Mzoli's is so popular on Sundays that you can count on standing in line for an hour before you choose the specific meats that you want to have barbecued. It took 15 minutes for us to place our order since we don't speak Xhosa. Then it is another 30 - 45 minutes before your meat is cooked. It's totally worth it.
|This is part of the meat selection. John’s arm is not for sale.|
|Sarah and Emelie laugh while the boys select the meat|
|Yes, this is all for us: beef, lamb, pork, sausage, chicken|
After making our selections, we went to the back rooms to watch our meat being grilled. There are 3 or 4 large grills in the first kitchen area, and 5 - 6 more grills in a hidden back room.
John was invited into the secret back room to see our meat being cooked. This was after one of the braaimasters suggested that a small donation would enable him to make sure that our meat was prepared especially well.
|Front kitchen scene, with perfect blues front man|
|Note the large stack of firewood below the oven|
|If you can’t stand the heat, don’t work at a braai|
The gallery of other customers watching the braaimasters work their magic was quite entertaining. Some had more to drink than others.
|Country origin unknown, state of inebriation|
Through our new local friend Taryn, a regular, we were introduced to the owner. This is somewhat of a coup, since there were 1000+ people there that day. John brainlessly asked what the owner's name was. "My name is Mzoli," he replied. Oh, now I get it...That's how this naming convention thing works.....
|John and Taryn, who had the inside scoop on everything|
|It was a great pleasure to meet Mzoli, who is a local celebrity|
After we got our cooked meat, we headed to the outdoor eating area. As we entered through another gate, we were thrust into a sea of humanity. We were under a low, tent-like roof, with 500 or more people crammed into a relatively small area. The scene seemed like adult spring break in Africa, amped up on steroids.
The African bass beat was thumping at 1000 decibels. The crowd was swaying. Ten people at the same table were smoking hookahs, most likely with flavored tobacco but who knows for sure. The savory, smoky smell of the braai meat permeated the air. The cross-cultural crowd was conversing in loud, animated tones. Several men and women were engaged in some frenzied dancing.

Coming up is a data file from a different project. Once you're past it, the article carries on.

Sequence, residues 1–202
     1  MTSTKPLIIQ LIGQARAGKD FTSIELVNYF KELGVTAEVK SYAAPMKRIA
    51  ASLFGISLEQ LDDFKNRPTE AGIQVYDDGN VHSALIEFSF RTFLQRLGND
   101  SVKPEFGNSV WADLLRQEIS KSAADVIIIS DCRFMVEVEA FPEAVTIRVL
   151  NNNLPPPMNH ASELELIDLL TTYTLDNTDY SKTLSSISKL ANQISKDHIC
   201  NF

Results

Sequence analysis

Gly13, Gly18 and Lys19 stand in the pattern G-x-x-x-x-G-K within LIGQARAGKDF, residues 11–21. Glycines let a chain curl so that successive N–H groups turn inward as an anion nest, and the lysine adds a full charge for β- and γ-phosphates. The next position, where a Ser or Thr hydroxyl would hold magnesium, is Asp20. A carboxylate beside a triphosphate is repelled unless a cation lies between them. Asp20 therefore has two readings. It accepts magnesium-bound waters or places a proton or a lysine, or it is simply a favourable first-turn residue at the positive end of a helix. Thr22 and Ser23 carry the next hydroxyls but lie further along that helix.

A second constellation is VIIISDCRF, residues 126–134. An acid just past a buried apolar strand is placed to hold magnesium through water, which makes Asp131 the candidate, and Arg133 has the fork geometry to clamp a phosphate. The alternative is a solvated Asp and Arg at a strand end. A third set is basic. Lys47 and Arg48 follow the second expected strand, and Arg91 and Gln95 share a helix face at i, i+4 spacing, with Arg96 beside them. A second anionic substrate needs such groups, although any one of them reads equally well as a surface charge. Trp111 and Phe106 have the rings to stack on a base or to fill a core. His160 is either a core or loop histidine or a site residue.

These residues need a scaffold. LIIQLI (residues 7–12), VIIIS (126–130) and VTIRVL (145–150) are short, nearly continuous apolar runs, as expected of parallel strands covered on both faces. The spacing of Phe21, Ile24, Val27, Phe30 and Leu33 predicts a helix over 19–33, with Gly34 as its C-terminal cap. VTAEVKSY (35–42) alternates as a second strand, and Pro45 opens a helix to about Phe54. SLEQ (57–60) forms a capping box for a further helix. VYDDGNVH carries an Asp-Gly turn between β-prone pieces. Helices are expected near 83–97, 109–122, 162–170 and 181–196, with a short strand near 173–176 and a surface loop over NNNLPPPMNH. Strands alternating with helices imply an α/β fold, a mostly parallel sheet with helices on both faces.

Meanwhile, John and several others were carrying humongous trays of meat, hoping that the Red Sea would magically part. We did not get any pictures deep inside the tent, as we were focused on meat management.
Our group formed a protective rugby scrum in front of John, who played the role of fly half. John's job was to carry and distribute the meat. After precariously navigating our way through the crowd, dazed and confused, we saw daylight at the far end of the tent and emerged with our meat intact. Freedom!
|The cooked meat, en route to the eating area|
|Inside the tent, at a later moment of relative sanity|
After borrowing three chairs with great difficulty, we set up our food and sodas on the chairs and ate together standing in a circle. We were extremely hungry after waiting in line for our food for two hours.
We felt numb from sensory overload. Although the majority of our group is usually pretty talkative, there seemed to be a collective understanding that little or no conversation was necessary. We stood entranced in a primordial vibe.
There is no silverware at Mzoli's, so we ate with our hands like cave people. And we loved it. The taste and smell of the braai is indescribably good. We had napkins, but only because we had the foresight to grab a huge stack at our boutique guest house before we came.
|Cavemen and cave girl|
|Emelie (UK/US/Sweden) gets serious at the braai|
None of us had consumed any alcohol by this point. It was not necessary. The scene was quite enough.
The tent was just in front of us, and the stage for music was nearby. The stars of three popular South African soap operas joined the other singers and dancers on stage. The backdrops to the opening credits of their respective TV shows were illuminated on the large screen behind.
At our host family's home, we had earlier become pseudo-fans of the show Isidingo. It's about a wonderfully wicked family that runs a gold mining business in Jo'Burg. We weren't close enough to the stage to identify which of the stars had shown up. That was OK. We had more than enough stimuli.
|The stage was another high energy area|
We furiously worked our way through 80 - 85% of the mound of meat. We had beef (8), lamb (8), chicken (10), pork (2 supersized) and sausage (meters and meters). John and Matteo had been determined to finish, but discretion is the better part of valor and we packed away the remainder for leftovers.
|Toby and Matteo wonder how much more they can eat|
|The tent people have calmed down a bit|
We finally felt recovered enough from the overstimulation to walk over and order a few beers and ciders. We felt a little more relaxed, and our mouths were once again able to form complete sentences.
|Sarah makes up for lost time|
|The team has regained its mojo|
|The crowd outside, near our Meathenge circle|
|This funny dude from Gugulethu likes Russell Wilson over RG3|
Sarah and I left Mzoli's before the rest of the group, stopping briefly at our hotel before going to an outdoor concert at Kirstenbosch Gardens. We'll tell you more about that later.
|Leaving Gugulethu, next stop Kirstenbosch|
Our clothes still smell like a braai.